Innovation Plaza opens, celebrates Father of Canola
A new public space in a park-like setting has been dedicated at the University of Manitoba to inspire visitors and celebrate the achievements of noted University of Manitoba scholars and researchers.
Innovation Plaza honours the most distinguished researchers, scholars and creators at the University of Manitoba. Located on the south lawn of the Buller Building at Auld Place on the Fort Garry Campus, Innovation Plaza features at its heart a series of commemorative busts that acknowledge and celebrate individuals who have greatly enriched society and contributed significantly to the social, cultural or economic well-being of Canada and the world.
“Innovation Plaza provides us the opportunity to further celebrate world-class researchers whose ideas and hard work at the University of Manitoba have transformed our lives,” President and Vice-Chancellor Dr. David Barnard said at the Aug. 22 opening ceremony . “I want to thank the Richardson Foundation for its generosity and leadership in support of this plaza. It will serve as an inspiration to students and is a visible reminder of the global benefit that results from discovery on our campuses.”
The plaza’s inaugural inductee is Dr. Baldur Stefansson, the father of canola. His installation was sponsored by the Richardson Foundation, and the sculpture was created by artist Madeleine Vrignon (BFA/1979).
“The University of Manitoba is home to many researchers whose breakthroughs are changing our world for the better,” says Hartley T. Richardson, President & Chief Executive Officer of James Richardson & Sons, Limited and a Trustee of the Richardson Foundation. “Innovation Plaza will be an incredible testament to the men and women who have been pioneers in their respective vocation – visionaries aspiring to take the path less chosen and in turn inspiring others. Dr. Stefansson’s work in the development of canola has had a tremendous influence on Canadian agribusiness, opening new markets for this versatile oilseed and providing more options for agricultural producers and processors.”
Dr. Baldur R. Stefansson OC, OM, (1917-2002) (BSA/50, MSc/52, PhD/66, LLD/97), is often described as the father of canola. He began his career as an oilseed breeder in the Department of Plant Science and recognized the potential of oilseed rape as an edible oilseed crop for temperate climates. However, oilseed rape has a high erucic acid content and was only useful as an industrial oil. In 1961, through research with collaborators, he created a rapeseed with minimal erucic acid. In 1974, Stefansson released Tower, the first ‘double zero’ rape cultivar with less than 5 percent erucic acid and low levels of glucosinolates, which cause bitterness in vegetables such as cauliflower and Brussels sprouts. The significant improvements in both oil and meal quality, as well as taste, were recognized in a new commodity name canola. In 1987, Stefansson registered the world’s first low linolenic canola cultivar, Stellar, and products made with canola have since been commonplace on grocery shelves.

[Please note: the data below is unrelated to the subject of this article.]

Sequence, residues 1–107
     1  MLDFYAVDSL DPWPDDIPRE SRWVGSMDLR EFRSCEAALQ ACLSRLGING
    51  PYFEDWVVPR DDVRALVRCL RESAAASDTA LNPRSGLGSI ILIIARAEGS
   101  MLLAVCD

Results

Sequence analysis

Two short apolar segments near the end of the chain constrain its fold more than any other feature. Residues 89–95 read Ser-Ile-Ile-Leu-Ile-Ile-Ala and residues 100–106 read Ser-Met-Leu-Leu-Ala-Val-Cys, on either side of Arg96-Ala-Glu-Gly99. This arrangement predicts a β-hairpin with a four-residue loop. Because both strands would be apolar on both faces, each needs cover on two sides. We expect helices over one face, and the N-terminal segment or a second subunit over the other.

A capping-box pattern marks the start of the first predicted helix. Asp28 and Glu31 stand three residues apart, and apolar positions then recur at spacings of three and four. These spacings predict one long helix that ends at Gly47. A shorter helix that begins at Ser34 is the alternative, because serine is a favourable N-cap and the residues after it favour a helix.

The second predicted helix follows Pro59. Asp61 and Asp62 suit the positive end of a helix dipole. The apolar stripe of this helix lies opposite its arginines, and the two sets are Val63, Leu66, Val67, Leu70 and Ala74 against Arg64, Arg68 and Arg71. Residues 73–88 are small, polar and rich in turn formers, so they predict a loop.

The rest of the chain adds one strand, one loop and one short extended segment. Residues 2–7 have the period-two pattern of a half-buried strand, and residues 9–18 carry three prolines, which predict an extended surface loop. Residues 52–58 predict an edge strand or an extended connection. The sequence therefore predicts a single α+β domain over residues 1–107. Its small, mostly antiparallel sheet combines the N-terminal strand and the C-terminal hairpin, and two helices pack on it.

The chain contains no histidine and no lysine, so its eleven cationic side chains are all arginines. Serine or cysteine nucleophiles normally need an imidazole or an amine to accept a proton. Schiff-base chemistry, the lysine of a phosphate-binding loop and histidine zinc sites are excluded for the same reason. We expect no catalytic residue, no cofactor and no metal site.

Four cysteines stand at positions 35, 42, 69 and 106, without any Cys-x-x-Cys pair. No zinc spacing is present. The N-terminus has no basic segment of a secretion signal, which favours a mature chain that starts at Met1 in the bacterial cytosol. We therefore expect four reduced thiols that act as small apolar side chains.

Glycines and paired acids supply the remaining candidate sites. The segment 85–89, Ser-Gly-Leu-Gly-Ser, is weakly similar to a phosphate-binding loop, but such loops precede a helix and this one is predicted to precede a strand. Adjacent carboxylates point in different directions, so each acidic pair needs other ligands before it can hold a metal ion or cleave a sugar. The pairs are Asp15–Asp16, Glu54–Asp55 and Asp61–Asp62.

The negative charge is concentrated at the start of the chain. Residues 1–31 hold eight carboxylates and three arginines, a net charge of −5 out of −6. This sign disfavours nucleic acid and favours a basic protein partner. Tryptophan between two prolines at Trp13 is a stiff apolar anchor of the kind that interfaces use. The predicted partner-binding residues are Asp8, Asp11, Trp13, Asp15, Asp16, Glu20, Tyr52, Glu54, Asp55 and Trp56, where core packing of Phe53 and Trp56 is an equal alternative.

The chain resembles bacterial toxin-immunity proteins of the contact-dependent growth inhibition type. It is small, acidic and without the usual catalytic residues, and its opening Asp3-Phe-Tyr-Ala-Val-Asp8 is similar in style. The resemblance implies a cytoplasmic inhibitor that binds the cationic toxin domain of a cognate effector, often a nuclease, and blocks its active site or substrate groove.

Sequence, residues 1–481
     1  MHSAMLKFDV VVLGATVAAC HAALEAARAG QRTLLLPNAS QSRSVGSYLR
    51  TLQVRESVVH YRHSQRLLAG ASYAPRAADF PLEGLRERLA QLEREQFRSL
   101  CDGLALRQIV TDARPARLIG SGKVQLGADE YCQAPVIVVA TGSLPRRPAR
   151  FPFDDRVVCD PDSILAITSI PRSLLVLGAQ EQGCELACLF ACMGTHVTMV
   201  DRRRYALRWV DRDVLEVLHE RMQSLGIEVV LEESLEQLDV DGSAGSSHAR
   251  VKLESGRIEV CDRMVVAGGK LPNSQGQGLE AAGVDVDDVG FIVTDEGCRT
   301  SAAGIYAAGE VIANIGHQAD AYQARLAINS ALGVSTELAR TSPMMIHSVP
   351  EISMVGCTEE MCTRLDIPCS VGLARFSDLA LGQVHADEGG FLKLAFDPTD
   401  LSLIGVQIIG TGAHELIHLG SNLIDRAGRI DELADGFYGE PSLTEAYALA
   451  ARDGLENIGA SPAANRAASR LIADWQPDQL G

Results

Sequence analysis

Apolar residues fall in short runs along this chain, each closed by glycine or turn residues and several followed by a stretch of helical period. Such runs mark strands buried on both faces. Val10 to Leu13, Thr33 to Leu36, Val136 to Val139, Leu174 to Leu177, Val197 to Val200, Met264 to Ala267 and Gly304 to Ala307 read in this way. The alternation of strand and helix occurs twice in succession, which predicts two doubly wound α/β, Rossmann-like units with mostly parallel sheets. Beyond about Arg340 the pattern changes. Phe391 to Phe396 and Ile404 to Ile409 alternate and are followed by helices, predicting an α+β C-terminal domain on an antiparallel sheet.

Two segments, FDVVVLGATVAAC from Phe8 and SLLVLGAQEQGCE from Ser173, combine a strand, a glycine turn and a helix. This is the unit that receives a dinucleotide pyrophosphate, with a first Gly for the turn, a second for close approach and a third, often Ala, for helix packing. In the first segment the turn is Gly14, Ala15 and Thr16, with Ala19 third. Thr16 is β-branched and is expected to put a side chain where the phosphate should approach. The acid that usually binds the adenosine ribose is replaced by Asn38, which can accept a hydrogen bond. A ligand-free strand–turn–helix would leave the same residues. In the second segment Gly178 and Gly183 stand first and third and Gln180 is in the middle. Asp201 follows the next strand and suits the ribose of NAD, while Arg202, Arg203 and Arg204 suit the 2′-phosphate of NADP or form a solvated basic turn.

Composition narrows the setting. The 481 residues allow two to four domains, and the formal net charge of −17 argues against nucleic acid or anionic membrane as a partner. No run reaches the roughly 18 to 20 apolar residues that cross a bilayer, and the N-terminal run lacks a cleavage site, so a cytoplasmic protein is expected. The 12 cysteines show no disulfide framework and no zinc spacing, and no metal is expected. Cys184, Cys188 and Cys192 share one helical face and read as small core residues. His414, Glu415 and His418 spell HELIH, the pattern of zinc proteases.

Stefansson became an internationally recognized plant breeder and was inducted to the Canadian Agricultural Hall of Fame. He was made an officer of the Order of Canada and received the Order of Manitoba. In 1997, he received an honorary doctorate from the University of Manitoba.
“Canola is one of Canada’s greatest contributions to agriculture worldwide, and I am very proud to say that it was developed right here at the University of Manitoba, by our first inductee into Innovation Plaza, Dr. Baldur Stefansson, who is truly the ‘father of canola,’ said Dr. Digvir Jayas, Vice-President (Research and International). “Innovation Plaza has been created to honour the most distinguished individuals at the University of Manitoba.”
As more individuals are honoured in coming years, the plaza will be lined with busts of innovators. Visitors such as students walking through the plaza and guests on campus will be inspired by the lives and stories of University of Manitoba researchers.
Research at the University of Manitoba is partially supported by funding from the Government of Canada Research Support Fund.
I had the privilege of sitting in Dr. Stefansson’s plant science classes. He was a man with a big brain and a common touch. I am proud to have met him, however briefly.
… Bob Funk, B.S.A (1970)
You did not mentioned the roles that Drs. Vivian Bruce and Marian Vaisey Gensler played in the development of canola for human use. Where do they fit in this story? Thank you.